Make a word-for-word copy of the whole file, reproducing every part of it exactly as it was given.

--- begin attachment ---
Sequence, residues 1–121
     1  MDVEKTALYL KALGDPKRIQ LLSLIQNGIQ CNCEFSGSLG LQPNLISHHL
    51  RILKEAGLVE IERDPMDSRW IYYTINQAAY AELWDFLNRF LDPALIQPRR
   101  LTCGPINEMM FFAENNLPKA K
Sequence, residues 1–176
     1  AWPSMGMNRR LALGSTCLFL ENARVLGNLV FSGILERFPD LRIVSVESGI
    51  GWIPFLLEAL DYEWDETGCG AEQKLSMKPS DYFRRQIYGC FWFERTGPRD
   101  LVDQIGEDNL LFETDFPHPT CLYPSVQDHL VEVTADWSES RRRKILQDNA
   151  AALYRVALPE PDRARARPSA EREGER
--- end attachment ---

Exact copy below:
Sequence, residues 1–121
     1  MDVEKTALYL KALGDPKRIQ LLSLIQNGIQ CNCEFSGSLG LQPNLISHHL
    51  RILKEAGLVE IERDPMDSRW IYYTINQAAY AELWDFLNRF LDPALIQPRR
   101  LTCGPINEMM FFAENNLPKA K
Sequence, residues 1–176
     1  AWPSMGMNRR LALGSTCLFL ENARVLGNLV FSGILERFPD LRIVSVESGI
    51  GWIPFLLEAL DYEWDETGCG AEQKLSMKPS DYFRRQIYGC FWFERTGPRD
   101  LVDQIGEDNL LFETDFPHPT CLYPSVQDHL VEVTADWSES RRRKILQDNA
   151  AALYRVALPE PDRARARPSA EREGER